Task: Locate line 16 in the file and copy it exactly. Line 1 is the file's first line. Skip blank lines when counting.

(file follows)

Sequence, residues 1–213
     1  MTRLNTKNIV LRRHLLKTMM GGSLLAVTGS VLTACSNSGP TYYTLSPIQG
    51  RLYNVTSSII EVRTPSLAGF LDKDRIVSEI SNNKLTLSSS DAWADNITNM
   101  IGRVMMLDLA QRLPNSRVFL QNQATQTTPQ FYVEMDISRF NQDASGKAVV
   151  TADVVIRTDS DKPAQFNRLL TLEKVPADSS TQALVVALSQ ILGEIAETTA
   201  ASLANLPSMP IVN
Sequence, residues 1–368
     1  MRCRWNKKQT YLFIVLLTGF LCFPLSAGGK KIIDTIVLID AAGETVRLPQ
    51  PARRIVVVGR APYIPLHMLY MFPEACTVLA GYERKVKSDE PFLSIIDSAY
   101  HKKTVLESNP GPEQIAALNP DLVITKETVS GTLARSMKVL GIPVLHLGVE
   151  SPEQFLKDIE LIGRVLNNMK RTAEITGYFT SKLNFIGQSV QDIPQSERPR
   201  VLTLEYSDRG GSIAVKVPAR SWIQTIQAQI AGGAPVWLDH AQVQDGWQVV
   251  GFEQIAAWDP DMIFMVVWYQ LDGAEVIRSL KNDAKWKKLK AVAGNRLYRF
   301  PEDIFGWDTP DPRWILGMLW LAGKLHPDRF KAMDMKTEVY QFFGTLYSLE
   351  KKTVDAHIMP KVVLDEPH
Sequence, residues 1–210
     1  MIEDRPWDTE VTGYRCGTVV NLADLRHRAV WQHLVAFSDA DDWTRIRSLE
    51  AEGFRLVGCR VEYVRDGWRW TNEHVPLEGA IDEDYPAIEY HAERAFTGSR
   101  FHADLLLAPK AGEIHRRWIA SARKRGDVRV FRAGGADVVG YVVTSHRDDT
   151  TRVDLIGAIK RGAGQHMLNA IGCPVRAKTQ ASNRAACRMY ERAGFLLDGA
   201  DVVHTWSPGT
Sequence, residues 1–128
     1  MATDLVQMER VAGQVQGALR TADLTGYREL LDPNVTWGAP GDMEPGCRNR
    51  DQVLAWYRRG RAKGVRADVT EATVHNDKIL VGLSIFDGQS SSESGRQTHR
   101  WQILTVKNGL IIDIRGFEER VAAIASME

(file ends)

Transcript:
Sequence, residues 1–210